When Nicola Coldyngham was young, she tagged along after her brothers and their friend, Fergus Melrose. Though he never gave her the time of day and viewed her as an utter nuisance, she worshipped him and even fell in love with him... until the day he utterly broke her heart. To protect herself from greater pain, she swore to have nothing to do with him, even though their fathers had made an agreement to betroth the two to each other.
Now, years later, Nicola lives on her own in the house she once shared with her father and brothers. Many men admire her and wish to court her, but Nicola views them all as friends and doesn't want to give up her enviable position as the sun to which the male flowers all look and turn their heads to. But when Fergus Melrose turns up and says he will marry her to fulfill his father's last request, Nicola wants nothing to do with him, and her brothers warn Fergus that winning her will be a great deal of work, for she only views him with contempt now.
Nicola finds herself frustrated when Fergus begins showing up everywhere she is, and beats her at every concievable contest she essays. He tells her several home truths about her male friends, including Ruford, the one she is closest to, who believes her to be not a virgin and only playing at the role. He also says he will bed her soon, with her permission or not. Oh, and did she know Ruford is married, with children?
Nicola's calm, ordered life is soon crumbling around her ears when she tracks Ruford to a tavern he frequents and finds out the truth of Fergus' claims for herself. But she earns the man's enmity when she accepts Fergus' suit, and finds herself kidnapped by her former "friend" with orders that she be sold to a flesh peddlar in Venice. She is nearly raped by Ruford and must deal with the shame and embarrassment that provides. Fergus only makes it worse when he assumes the beating she gives Ruford at her own hands shows she is unaffected by what has happened to her. It is only after she collapses in tears that he learns she is not as strong as the mask she pretends to, and that he must give, and not simply steamroll over her in his quest to get her to marry him.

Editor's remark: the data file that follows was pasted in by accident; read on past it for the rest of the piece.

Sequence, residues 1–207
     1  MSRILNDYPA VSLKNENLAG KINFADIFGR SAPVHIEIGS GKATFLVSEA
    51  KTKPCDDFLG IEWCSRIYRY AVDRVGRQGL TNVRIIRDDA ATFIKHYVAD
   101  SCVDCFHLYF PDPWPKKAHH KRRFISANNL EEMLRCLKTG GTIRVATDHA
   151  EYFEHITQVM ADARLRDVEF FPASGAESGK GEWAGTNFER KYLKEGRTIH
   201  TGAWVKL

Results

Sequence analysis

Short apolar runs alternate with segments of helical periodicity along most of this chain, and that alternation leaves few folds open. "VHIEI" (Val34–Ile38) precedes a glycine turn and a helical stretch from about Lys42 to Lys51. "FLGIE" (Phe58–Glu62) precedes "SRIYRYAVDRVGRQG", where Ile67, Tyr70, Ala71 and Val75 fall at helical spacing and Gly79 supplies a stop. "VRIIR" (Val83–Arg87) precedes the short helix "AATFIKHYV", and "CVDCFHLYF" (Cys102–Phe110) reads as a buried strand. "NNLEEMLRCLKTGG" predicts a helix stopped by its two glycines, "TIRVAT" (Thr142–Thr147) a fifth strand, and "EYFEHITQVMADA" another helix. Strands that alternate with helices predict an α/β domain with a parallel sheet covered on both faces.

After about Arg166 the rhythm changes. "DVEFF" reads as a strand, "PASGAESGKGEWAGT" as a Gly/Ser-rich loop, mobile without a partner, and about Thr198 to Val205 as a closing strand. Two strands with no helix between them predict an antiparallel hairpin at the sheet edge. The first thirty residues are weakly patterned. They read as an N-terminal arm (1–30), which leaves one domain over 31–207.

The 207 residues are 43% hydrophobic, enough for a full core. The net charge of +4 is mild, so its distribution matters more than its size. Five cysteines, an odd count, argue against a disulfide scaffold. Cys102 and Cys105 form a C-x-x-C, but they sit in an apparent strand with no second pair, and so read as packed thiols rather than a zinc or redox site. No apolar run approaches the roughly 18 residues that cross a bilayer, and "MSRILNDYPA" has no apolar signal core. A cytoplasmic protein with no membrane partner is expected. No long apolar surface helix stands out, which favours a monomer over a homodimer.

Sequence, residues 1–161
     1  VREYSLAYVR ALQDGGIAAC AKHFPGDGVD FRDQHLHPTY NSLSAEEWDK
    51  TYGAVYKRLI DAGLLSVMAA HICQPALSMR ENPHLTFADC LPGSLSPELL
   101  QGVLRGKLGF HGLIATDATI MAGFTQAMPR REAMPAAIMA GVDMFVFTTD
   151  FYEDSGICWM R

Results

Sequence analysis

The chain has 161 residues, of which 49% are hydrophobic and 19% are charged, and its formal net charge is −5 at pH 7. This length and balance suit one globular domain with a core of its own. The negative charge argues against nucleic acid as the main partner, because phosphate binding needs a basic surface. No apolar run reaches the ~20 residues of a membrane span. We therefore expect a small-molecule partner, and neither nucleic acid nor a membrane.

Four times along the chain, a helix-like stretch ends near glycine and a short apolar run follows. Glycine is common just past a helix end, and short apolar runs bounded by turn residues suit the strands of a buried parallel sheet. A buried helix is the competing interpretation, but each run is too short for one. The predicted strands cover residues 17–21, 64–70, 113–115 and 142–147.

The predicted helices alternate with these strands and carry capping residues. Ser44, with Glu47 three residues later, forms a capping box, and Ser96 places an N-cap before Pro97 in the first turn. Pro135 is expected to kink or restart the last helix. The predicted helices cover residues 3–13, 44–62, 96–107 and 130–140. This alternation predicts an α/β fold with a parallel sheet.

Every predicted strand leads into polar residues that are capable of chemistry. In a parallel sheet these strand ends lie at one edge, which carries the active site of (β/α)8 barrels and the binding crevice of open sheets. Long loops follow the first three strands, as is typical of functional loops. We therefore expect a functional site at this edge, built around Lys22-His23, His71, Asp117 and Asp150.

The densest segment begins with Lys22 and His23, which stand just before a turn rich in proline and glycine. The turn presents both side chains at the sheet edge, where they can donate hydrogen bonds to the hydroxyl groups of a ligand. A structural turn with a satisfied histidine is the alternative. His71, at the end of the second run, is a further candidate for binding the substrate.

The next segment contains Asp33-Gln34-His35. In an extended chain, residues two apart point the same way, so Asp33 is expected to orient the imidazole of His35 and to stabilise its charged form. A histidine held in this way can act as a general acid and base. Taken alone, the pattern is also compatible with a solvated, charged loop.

Mixed in with this is Nicola's discovery of a half-sister her father concieved with a nun from the nunnery next door to her home, a half-sister sent to be raised by Fergus's father in Scotland. The nun, now the abbess, is a long-time friend and confidant of Nicola, and her death impels Nicola to track down her sister in Scotland.
I spent a lot of time not really liking this book. The author makes Nicola out to be extremely naive and bad at making decisions, because all of the men she is friends with are apparently all out merely to get into her pants, and Nicola never senses this. Except for the state of Nicola's emotions, Fergus is always right and always able to beat her or best her at whatever she attempts, whether swordplay or racing horses. I never like these sorts of book because the balance of power in the relationship is too uneven. The heroine has no area she excels at in comparison to the hero. He seems to be better than her in everything, and I find that unrealistic at best. In this book, Fergus only makes one mistake, and Nicola makes all the rest. It seems the character has no true friend who doesn't want her for themselves, with the exception of the abbess and members of her family or relatives.
Yes, she's pretty and feisty, but what does he really see in her? Someone who can't even make real friends who aren't users who want something out of her? It baffles me when authors write romances like this. I don't find one character being wrong about everything to be romantic at all, with the implication that once she marries Mr. Always Right, she'll have someone with perceptions she can trust to make decisions for her. It leaves a bad taste in my mouth. It's certainly not a situation I would consider romantic to find myself in, and since romance is supposed to be about identifying with the heroine, I find it hard to do that in a case like this also. I'm supposed to identify with someone who can't be trusted to make friends with others? Huh?
But I am sure that there is an audience for books like these because they continue to get written and published. If this sort of story appeals to you, go and seek it out. Otherwise, run, don't walk, as fast as you can in the opposite direction. You will be just as irritated as I was with this book.